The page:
opening remarks followed by Q & A. The panel included Robert Poole, Linda
Barker from the National Civil Aviation Review Commission, Langhorne Bond and
myself. Poole gave his usual speech, Linda talked about the progress that had
been made since the NCARC report came out, my remarks are at the end of this
post, and Langhorne said why everyone who opposes the nonprofit corp. is
wrong. The only thing he said about unions was that labor should not be
concerned as long as the current protections are extended to them. I was
offended that he based his conclusion on an assumption that we are so
parochial that our concerns do not extend beyond labor statutes. Last I
checked we actually cared about the safety of the flying public and the
efficiency of the system.

We followed up the panel with an informal discussion and many people stopped
me in the lobby to talk about my remarks. The feedback was very positive.
Poole asked why we had changed our position since the USATS proposal and I
explained that we supported USATS because we were working to get personnel
reform to reclassify the facilities and we supported freeing up the trust
fund and it was the only vehicle out there to do it at the time. Those two
things have already occurred. I also told him how poor the experience has
been for controllers in Canada even though they supported the privatization
and worked to get it done. I said that I did not know what kind of access to
the FAA technology types he had, but that if he wants to learn about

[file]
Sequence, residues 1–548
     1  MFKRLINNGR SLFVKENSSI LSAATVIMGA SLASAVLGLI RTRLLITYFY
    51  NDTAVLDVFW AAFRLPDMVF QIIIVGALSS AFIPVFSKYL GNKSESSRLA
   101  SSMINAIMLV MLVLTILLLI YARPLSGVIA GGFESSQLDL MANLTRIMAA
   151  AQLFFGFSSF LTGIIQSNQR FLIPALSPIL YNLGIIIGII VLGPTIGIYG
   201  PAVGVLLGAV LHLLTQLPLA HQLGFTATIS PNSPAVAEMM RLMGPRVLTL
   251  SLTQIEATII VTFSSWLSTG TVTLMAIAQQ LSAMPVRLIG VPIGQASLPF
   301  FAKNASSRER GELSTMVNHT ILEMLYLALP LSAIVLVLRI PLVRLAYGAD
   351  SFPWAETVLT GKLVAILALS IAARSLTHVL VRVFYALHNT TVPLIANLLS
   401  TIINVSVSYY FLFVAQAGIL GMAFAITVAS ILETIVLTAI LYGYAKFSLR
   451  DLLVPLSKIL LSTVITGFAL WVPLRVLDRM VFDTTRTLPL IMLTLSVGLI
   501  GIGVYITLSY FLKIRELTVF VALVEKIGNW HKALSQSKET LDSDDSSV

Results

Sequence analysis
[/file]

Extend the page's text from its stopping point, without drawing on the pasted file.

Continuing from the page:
modernization in the FAA today that our members would be more than happy to
tell him what is going on.

Our biggest problem is that people on the outside are trying to change the
FAA from the way it was 5-10 years ago and have virtually no information on
how we are doing things now. Each and every person I met at the conference
believed controllers are fighting against new technology. I had to tell them
the fights are to get it sooner. You want to get controllers mad, tell them
they have been moved down the waterfall! After the conference, it was back to
the airport for a red-eye to Ottawa, to meet Randy Weiland on our mission to
find the truth about NAVCANADA. He had started the investigation before I
arrived. Randy has done a fantastic job of finding people for us to meet with
to get the real scoop. He met with COPA (Canadian AOPA) on Wednesday and got
their perspective.

Thursday, after a brief stop at the hotel, we went to CATCA headquarters to
meet Fuzz Bhimji and Michael Murphy, the Chairman of the Air Passenger Safety
Group. He talked about the safety concerns with NAV CANADA especially
related to the reduction in services and gave us in depth information about
the ATC modernization. We followed with a meeting with Ron Smith, former
president of ATSAC, the union for Canadian FSS. They have merged with the
Canadian Auto Workers and while he still represents FSS, it is now as a CAW
staff rep. Labor relations at NAV CANADA are poor. In fact, Murphy who used
to be management at Transport Canada, said that they never thought anyone
could make the controllers think managers at Transport were enlightened and
benevolent, but NAV CANADA has. We spent a few hours going over specifics